• Whether or not “write” endpoints should publish socket messages, where write endpoints implies create, update and delete. If you turn on publishing of socket messages here, a socket message with the name of the database, table, and HTTP verb will be published as the endpoint is invoked. If you turn on publishing of socket messages, you can optionally declare what type of authorisation the socket message will require in order to deliver the message to connected users
  • Left joins, allowing you to declare whether or not you want to join on referenced tables or not, implying if a field is a foreign key, it will in addition to giving you all columns from your specific table, also pull in one string field from the referenced table as it’s returning data from your read endpoint
  • Verbose filtering, which if turned on, will create a lot more arguments, providing you with much more filtering capabilities for your generated endpoints
  • Overwrite, which if true, will overwrite an existing endpoint. By default, the endpoint generator will not overwrite existing files unless you explicitly tell it to do so

Endpoint generator internals

The endpoint generator will actually create 5 files for you, one file for each CRUD verb, and one file to count items. These files will be Hyperlambda files, and you can see these after the process is done by using Hyper IDE and expand your “modules” folder. The generated Hyperlambda will basically be wrappers around the [data.connect] slot, in addition to one of the following slots, depending upon which CRUD verb the file you’re looking at is wrapping.

  • [data.create] - The Hyperlambda slot for creating new items in your database
  • [data.read] - The Hyperlambda slot for reading items from your database
  • [data.update] - The Hyperlambda slot for updating items in your database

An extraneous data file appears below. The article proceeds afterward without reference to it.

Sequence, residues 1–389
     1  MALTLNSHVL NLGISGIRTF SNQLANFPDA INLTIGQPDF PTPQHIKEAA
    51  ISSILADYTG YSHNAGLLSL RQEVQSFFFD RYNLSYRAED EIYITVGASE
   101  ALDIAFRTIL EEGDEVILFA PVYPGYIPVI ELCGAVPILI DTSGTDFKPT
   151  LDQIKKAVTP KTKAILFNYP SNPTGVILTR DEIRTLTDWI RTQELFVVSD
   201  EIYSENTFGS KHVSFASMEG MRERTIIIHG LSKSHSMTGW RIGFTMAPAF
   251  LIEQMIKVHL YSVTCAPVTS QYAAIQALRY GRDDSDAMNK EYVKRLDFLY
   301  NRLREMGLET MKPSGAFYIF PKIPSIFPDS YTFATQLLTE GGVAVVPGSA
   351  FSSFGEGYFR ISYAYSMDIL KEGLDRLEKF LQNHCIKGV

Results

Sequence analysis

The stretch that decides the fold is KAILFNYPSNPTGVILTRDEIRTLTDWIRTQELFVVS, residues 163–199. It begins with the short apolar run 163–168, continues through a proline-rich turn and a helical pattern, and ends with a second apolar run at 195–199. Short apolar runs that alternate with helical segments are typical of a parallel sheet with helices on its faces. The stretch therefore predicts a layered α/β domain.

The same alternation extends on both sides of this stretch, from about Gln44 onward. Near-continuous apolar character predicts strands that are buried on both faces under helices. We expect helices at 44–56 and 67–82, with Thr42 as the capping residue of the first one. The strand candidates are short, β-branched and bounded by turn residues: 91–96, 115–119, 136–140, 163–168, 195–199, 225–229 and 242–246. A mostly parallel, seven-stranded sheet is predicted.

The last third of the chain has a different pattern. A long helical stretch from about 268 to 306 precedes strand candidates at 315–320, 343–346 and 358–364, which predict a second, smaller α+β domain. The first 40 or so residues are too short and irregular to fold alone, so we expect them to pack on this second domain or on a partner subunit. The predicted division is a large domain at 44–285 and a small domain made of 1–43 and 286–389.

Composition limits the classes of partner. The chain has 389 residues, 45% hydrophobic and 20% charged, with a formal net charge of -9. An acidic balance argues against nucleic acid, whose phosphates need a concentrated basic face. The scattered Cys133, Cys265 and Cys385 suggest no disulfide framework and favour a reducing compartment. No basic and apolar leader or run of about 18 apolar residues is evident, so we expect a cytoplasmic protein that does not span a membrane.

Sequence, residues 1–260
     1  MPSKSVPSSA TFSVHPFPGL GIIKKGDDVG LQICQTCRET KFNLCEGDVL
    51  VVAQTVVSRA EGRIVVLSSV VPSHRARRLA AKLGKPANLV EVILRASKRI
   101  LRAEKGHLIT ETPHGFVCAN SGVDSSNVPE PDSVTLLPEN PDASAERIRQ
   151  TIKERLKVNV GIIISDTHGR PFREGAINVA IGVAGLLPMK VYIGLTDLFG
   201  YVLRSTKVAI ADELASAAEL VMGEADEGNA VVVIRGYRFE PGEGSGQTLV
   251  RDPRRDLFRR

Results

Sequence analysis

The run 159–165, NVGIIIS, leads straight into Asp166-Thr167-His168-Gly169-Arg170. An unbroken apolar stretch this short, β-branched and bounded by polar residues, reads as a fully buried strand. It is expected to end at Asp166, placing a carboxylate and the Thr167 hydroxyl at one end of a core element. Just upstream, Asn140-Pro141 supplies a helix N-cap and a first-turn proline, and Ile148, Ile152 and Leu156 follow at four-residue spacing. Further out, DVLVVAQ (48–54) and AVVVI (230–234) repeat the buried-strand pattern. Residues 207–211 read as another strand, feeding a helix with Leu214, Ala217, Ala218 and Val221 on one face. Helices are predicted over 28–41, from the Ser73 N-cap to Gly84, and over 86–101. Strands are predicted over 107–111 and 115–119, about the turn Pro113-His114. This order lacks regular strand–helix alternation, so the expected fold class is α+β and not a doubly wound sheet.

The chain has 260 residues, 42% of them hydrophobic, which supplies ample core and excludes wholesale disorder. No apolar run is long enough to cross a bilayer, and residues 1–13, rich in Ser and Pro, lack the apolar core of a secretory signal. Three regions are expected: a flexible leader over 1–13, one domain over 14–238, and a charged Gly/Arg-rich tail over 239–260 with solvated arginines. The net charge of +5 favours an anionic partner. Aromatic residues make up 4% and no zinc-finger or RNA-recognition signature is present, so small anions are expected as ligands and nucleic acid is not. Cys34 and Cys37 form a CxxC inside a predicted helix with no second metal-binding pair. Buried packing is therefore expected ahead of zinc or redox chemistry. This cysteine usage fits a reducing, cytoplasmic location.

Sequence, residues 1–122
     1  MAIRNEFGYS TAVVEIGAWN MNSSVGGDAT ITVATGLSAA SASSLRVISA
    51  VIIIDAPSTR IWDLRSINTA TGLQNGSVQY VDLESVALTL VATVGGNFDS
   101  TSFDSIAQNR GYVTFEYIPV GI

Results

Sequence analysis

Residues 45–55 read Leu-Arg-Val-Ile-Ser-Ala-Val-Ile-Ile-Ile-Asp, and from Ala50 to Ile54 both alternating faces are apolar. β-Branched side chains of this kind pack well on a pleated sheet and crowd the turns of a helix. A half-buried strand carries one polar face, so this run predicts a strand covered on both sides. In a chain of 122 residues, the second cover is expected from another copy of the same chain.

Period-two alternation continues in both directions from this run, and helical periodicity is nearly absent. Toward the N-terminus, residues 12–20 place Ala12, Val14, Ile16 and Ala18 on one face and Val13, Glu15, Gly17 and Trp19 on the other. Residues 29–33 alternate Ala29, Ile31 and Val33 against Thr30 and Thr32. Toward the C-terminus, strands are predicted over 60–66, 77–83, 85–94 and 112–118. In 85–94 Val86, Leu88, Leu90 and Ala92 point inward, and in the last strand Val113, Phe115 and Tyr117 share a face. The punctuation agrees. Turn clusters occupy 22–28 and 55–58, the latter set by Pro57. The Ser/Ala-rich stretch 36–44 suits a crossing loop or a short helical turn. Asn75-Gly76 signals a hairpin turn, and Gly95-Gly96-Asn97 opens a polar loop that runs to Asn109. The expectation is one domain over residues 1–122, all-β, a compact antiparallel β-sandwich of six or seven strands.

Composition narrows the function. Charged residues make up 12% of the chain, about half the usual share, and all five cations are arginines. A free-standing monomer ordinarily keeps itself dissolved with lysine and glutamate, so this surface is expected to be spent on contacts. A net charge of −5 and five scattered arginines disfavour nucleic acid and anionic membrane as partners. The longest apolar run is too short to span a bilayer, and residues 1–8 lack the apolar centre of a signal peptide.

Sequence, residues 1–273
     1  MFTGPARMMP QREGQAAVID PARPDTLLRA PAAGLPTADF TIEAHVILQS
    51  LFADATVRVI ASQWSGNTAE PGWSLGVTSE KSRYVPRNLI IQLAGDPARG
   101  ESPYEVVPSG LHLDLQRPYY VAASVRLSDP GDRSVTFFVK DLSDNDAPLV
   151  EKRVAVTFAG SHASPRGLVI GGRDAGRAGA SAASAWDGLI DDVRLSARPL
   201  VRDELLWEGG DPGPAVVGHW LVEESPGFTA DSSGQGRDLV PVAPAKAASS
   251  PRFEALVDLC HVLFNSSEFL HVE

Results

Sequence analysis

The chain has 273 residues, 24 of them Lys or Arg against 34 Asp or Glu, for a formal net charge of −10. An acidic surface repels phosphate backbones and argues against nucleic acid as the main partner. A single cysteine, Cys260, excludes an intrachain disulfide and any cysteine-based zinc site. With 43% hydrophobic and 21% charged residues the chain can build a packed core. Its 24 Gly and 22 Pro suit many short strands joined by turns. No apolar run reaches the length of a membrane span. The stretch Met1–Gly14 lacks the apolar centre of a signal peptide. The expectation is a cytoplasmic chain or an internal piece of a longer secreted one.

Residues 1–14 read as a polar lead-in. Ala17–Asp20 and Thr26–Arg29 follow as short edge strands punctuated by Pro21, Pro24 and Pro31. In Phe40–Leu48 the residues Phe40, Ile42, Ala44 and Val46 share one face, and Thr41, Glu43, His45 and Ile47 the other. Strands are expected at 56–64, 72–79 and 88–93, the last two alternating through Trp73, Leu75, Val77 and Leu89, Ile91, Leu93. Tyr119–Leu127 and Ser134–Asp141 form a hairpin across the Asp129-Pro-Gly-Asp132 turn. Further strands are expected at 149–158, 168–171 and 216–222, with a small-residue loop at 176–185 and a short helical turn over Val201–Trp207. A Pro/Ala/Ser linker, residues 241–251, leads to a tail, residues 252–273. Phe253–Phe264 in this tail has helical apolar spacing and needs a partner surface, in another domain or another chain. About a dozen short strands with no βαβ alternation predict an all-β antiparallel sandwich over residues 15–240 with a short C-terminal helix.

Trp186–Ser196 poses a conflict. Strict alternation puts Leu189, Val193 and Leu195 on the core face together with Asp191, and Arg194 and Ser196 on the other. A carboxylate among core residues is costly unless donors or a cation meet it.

• [data.delete] - The Hyperlambda slot for deleting items from your database

The SQL endpoint generator

The SQL endpoint generator component allows you to generate an API endpoint wrapping an SQL statement. It is similar to the endpoint generator, but instead of automatically creating your SQL, it allows you to provide your own custom SQL, and then securely wrap your SQL into an HTTP endpoint. It allows you to create endpoints wrapping any of the 5 most popular HTTP verbs, takes care of authentication and authorisation, in addition to that it allows you to declare arguments to your endpoints.

Screenshot of how to create an HTTP endpoint using SQL in the Backend Generator

How to use the SQL endpoint generator

You can find the SQL endpoint generator as an additional tab inside your endpoint generator. The SQL generator is much simpler to understand than the endpoint generator, since it has much less settings you can apply. However, the SQL endpoint generator obviously requires that you’ve got a solid understanding of SQL. The process to use the SQL endpoint generator to create an endpoint is as follows.

  1. Choose your database
  2. Choose an HTTP verb
  3. Choose URL(s) for your endpoint
  4. Select which roles are authorised to invoke your endpoint (optional)
  5. Provide arguments to your endpoint (optional)
  6. Write your SQL referencing arguments if you provided arguments in the above step

When you’ve done with the above, simply click the “Generate” button, and you’ve got an HTTP endpoint wrapping your SQL.

Settings for the SQL generator

The SQL generator allows you to override authorisation requirements, the URL of your endpoint, and which arguments your endpoint requires. The last parts is important since it allows you to add arguments to your endpoint that you can reference in your SQL somehow. To reference an argument in your SQL, prefix your argument’s name with an alpha character (@), implying if your argument is named “foo”, you’ll have to reference your argument in your SQL as “@foo”.

Notice, arguments supplied to your SQL endpoint are obviously mandatory, since once you’ve generated your endpoint, there is no known mechanisms for removing the argument from your SQL. However, your arguments could be supplied as null values, at which point the resulting SQL would use the value null as a substitute for your argument.

Screenshot of how to declare an argument to your SQL endpoint inthe Backend Generator

HTTP verbs

Both the SQL endpoint generator and the endpoint generator can create endpoints wrapping any of these HTTP verbs.

  • POST - Typically used for creating or inserting new items
  • GET - Typically used for retrieving or counting records
  • PUT - Typically used for updating values in your database
  • PATCH - Alternative to PUT with similar semantics, typically when adding new fields
  • DELETE - Typically used when deleting records in your database.